Lately I have been making women cry. Three young women in particular. They each chose to confide in me, and after listening, taking notes, and asking pertinent questions, I had to give them the bad news: that their relationships did not have a future.
One of them has been in limbo for months, her mate has been less and less available (but not clear about the status of their relationship) and doubt has become her constant companion. I simply told her: this is not your guy. But he loves me, she protested. Come to find out that her guy already has a new girlfriend and is moving on without a backwards glance. She is, naturally, devastated, and can't believe that she will ever find love again.
The second has been in a long-term relationship of 2+years. She and her boyfriend fight all the time, they have no intimate life, and her family is concerned for her safety. When I asked her if she was happy, in love, she said no. When I asked her why she was staying with him, she said she was afraid of finding herself alone.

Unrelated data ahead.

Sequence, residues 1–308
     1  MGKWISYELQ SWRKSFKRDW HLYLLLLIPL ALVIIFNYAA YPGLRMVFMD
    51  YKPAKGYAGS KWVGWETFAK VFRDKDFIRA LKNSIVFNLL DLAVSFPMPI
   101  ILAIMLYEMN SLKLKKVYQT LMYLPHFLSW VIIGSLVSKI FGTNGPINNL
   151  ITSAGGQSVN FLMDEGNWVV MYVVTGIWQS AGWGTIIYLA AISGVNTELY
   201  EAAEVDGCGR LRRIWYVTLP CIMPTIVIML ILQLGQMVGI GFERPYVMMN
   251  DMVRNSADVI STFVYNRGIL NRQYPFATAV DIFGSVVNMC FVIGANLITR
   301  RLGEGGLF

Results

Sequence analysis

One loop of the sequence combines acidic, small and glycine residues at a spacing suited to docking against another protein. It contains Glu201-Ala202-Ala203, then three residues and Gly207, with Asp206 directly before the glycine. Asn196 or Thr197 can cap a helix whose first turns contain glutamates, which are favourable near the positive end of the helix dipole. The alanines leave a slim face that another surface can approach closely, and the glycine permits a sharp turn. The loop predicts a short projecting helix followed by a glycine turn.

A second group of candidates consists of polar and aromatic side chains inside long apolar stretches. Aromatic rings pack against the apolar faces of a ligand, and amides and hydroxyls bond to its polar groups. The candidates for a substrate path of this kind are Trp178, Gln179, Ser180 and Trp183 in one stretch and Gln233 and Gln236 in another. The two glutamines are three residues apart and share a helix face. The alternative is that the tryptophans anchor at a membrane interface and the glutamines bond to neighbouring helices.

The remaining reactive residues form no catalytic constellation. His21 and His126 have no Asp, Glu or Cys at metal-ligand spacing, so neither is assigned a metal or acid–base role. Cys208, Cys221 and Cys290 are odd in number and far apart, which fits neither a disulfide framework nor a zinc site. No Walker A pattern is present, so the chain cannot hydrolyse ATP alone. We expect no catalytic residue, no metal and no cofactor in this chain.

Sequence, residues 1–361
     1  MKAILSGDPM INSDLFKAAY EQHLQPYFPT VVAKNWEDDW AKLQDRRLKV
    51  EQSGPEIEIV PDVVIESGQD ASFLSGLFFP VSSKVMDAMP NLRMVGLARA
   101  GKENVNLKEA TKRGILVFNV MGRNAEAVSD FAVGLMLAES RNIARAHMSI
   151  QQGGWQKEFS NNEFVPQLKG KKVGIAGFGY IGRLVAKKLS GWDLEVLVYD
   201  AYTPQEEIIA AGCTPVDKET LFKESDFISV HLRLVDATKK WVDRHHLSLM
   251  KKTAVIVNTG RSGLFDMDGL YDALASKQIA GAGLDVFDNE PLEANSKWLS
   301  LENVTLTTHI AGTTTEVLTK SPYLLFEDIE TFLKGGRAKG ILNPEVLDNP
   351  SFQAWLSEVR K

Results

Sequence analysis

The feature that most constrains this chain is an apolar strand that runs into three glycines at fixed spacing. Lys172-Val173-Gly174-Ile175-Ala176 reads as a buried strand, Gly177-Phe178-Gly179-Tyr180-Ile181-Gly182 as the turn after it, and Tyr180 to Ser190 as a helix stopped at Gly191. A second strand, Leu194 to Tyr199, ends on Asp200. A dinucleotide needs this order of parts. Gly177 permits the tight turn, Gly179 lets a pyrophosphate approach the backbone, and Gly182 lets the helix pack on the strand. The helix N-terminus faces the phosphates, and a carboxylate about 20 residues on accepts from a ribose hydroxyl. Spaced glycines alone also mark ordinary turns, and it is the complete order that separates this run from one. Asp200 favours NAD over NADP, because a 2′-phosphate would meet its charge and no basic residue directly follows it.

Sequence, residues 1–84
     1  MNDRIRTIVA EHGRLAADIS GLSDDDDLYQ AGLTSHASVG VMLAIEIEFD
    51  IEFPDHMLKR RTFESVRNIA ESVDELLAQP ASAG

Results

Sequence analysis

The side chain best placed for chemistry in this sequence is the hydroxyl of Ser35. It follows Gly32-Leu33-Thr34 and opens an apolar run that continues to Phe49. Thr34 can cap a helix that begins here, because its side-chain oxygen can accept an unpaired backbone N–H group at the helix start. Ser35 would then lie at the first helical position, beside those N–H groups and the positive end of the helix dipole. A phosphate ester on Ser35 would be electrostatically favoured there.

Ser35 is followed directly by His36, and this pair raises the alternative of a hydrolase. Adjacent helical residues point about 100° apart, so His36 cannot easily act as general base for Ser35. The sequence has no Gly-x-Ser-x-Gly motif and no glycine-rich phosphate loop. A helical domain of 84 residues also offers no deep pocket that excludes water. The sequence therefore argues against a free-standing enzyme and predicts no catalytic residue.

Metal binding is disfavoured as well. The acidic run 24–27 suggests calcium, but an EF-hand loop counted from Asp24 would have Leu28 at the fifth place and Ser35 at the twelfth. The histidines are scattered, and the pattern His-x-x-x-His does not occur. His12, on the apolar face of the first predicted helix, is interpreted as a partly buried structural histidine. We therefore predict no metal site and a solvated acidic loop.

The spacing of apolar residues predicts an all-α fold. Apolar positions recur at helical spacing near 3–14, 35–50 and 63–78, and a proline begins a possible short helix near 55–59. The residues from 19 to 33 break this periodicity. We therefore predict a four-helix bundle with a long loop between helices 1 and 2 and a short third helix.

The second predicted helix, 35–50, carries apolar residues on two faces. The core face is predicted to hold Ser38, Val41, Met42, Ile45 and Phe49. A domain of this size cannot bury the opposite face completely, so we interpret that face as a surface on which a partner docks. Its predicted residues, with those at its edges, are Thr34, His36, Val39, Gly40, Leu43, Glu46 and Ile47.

The third has been with her boyfriend for 4 years. She is a beautiful, vibrant young woman and her partner is twice her age. She has been troubled lately and when I inquired if everything was alright, she shared that her boyfriend won't touch her. I asked if this was a new development, a phase, something they could talk through. It's been the status quo for three years. Do you feel like something is missing in your relationship? I asked. Yes, of course, but I don't know how to get out of it.
And this, Darlings, is where I am asking you to find strength and courage to take charge of your lives. It's not easy to end a relationship but staying in a toxic situation because you don't want to be alone is not a solution. It is a recipe for disaster and depression. Refusing to see the truth about someone will only bring you heartbreak in the long run. Settling for less than you deserve, less than you need, because you don't know how to extract yourself will only bring resentment and hostility.